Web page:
Children's pain - the facts

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Key points to remember

  • parents are often the best judges of their child's pain
  • listen to what they tell you and watch what they do
  • if worried or in doubt about your child's pain, talk to your local doctor or if you are in hospital, a nurse or doctor
  • if you are unsure of whether or not to give any medication for your child's pain, it is best to get advice from your doctor

What is pain?

Very young children or children who are very sick cannot always tell us exactly what they are feeling. This can be quite distressing for parents who may feel confused about what their child is experiencing. Parents know their child's usual reactions and behaviours.

Many things affect a child's experience of pain:
  • their age
  • their beliefs and understanding of what is causing the pain
  • their beliefs in their own ability to cope
  • their previous pain experiences and how they have seen other people dealing with pain
  • how they have learned to respond to pain

How long does pain last?

Acute pain
The term "acute pain" refers to pain that is not long-lasting. The pain may be caused by an operation, injury, illness, or medical procedure. Depending on what has caused the pain, the pain may last a few seconds (for example, a needle) through to a few weeks or months (for example, following an injury). Some pain from an operation is normal and is a part of the whole healing process. Acute pain can be helped with medications, which can be given by various methods. You can also help your child with acute pain by using non-drug methods such as relaxation and distraction techniques.

Chronic pain
Chronic pain lasts for a longer period of time, usually longer than three to six months. This pain can be constant or come and go at different times. It is sometimes difficult to find a cause for chronic pain. However there are treatments and special programs that can help your child cope better with chronic pain.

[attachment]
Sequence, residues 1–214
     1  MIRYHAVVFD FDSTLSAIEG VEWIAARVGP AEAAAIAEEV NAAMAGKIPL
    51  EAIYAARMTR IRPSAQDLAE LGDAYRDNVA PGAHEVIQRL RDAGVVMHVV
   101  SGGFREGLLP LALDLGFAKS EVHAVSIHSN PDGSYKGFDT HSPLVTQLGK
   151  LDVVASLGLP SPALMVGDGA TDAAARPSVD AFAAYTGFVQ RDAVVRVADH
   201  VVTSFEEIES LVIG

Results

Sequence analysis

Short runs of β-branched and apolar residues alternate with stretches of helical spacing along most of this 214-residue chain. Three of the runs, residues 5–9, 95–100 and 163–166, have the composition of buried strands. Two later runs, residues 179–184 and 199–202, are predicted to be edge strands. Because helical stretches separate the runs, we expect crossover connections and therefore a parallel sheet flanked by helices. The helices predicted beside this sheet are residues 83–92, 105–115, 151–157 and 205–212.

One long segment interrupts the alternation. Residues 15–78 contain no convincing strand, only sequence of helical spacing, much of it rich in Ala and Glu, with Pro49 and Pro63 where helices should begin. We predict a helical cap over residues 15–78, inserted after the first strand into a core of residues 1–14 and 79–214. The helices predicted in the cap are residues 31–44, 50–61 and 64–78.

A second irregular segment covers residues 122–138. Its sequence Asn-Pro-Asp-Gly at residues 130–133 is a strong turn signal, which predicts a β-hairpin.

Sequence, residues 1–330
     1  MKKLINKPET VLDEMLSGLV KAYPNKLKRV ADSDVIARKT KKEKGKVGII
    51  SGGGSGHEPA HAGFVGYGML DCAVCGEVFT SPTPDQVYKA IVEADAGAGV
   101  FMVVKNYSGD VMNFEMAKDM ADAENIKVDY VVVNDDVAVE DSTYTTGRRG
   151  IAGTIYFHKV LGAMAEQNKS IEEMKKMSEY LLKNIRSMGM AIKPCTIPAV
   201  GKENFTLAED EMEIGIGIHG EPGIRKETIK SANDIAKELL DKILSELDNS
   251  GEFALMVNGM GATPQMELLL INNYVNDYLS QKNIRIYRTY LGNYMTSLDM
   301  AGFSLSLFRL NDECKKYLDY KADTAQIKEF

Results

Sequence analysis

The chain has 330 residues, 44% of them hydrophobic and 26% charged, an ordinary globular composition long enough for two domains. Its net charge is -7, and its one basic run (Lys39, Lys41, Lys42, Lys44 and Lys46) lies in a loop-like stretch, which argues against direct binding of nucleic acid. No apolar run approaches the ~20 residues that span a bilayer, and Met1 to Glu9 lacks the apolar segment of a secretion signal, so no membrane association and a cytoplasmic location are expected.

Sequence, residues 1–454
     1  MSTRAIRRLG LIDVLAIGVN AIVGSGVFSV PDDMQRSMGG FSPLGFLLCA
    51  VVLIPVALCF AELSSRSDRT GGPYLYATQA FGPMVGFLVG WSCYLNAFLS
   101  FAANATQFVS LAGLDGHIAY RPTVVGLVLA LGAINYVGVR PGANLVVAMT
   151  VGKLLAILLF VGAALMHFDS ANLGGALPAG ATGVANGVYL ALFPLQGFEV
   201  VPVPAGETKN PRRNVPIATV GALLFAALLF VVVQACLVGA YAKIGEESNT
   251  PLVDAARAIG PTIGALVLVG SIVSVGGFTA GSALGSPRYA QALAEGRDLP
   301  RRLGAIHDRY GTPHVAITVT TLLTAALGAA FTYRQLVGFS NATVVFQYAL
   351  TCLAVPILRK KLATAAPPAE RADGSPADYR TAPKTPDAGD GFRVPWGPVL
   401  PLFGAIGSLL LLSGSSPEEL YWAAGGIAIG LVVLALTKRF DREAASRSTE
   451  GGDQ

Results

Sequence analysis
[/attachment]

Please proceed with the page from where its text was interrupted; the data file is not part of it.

How do you know your child is in pain?

It is not always easy to know how much pain your child is experiencing. Listening to what they say and watching what they do can help us.

Things that can show that your child is in pain include:
  • crying
  • facial changes or pulling a face
  • changes in their sleeping or eating patterns
  • becoming quiet and withdrawn
  • screaming
  • refusing to move

Some children may tell us they are sore or hurting but may find it difficult to say how much they are hurting.

Remember that changes in their behaviour can also occur because they are scared or frightened.

Children can use a scale such as the Faces Pain Scale - Revised below. This will involve asking your child to point to the face that shows how much hurt they are feeling from "no pain" on the left through to "very much pain" on the right.

Hicks C.L. and others. 2001. The Faces Pain Scale - Revised: Toward a common metric in pediatric pain measurement. Pain. 93:173-183.

Faces Pain Scale - Revised
 
 
Where to go for more information

On this website

Treatments for pain:
 
The Centre for Pediatric Pain Research, IWK Health Centre, Halifax, Nova Scotia, Canada www.pediatric pain.ca
The Centre for Pediatric Pain Research website provides information for families on helping children cope with painful procedures:
  • Pain, pain go away: Helping children with pain - a booklet to help parents understand pain
  • Making cancer less painful: A handbook for parents - a booklet to help parents understand pain and teach them how they can help their child deal with pain from cancer

Acknowledgements

Starship Foundation and the Paediatric Society of New Zealand acknowledge the co-operation of The Children's Hospital at Westmead, Sydney Children's Hospital at Randwick, and Kaleidoscope - Hunter Children's Health Network in making this fact sheet available to patients and families.
 
Hicks, CL, von Baeyer, CL, Spafford, PA, van Korlaar, I & Goodenough, B. (2001). The Faces Pain Scale - Revised: Toward a common metric in pediatric pain measurement. Pain, 93, 173-183 http://www.usask.ca/childpain/fpsr/ [Accessed 15/11/2010]
This page last reviewed 25 March 2013
© Paediatric Society of New Zealand and Starship Foundation 2005 – 2014
Printed on 02 September 2014. Content is regularly updated so please refer to www.kidshealth.org.nz for the most up-to-date version
Content endorsed by the Paediatric Society of New Zealand